Also, it's perfectly okay to write notes to the Program Committee in your extended abstract! Tell them why you left something out, if a section may be fundamentally changed in the final presentation, or similar comments that will help them better understand your extended abstract.
MORE INFORMATION ON HOW TO WRITE A GOOD PAPER:
For those willing to submit a complete paper to this conference, we recommend that you read the proceedings of some recent LISA conferences to get an idea of what kinds of papers are published. Not every one of these papers is perfect, but most of them are better than most of the papers that did not get accepted. A few papers to consider are:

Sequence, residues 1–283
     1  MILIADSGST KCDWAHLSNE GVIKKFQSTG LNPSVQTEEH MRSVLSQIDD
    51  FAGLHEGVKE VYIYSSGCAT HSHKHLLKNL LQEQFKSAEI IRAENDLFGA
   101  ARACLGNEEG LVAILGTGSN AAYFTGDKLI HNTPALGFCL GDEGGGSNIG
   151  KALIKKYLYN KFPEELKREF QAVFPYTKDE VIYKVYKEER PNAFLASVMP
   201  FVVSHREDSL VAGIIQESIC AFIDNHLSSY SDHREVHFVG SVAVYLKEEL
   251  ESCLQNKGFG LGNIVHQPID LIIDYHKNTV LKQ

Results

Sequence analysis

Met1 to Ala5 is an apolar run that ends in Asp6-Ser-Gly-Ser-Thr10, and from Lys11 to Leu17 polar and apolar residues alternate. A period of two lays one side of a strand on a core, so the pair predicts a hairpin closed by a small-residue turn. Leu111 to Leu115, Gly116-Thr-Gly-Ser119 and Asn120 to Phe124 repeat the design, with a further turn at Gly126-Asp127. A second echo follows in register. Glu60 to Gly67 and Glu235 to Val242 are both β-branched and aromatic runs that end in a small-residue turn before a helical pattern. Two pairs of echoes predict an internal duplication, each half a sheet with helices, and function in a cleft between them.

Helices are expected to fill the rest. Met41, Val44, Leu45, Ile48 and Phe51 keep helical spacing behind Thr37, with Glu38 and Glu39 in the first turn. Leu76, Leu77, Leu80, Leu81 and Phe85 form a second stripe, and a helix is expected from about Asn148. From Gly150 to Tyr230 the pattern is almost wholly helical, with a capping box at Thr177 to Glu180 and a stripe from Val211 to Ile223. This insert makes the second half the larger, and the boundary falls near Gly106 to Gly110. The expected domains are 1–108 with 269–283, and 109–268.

You can also refer to the "USENIX Online Library and Index" (at http://www.usenix.org/publications/library/index.html) for additional papers that may be of use.
Finally, if you have any other questions, at any time during the entire submissions process, especially if you have a proposal but have concerns about it not being "right" for the conference, PLEASE send mail to the Program Chair at firstname.lastname@example.org.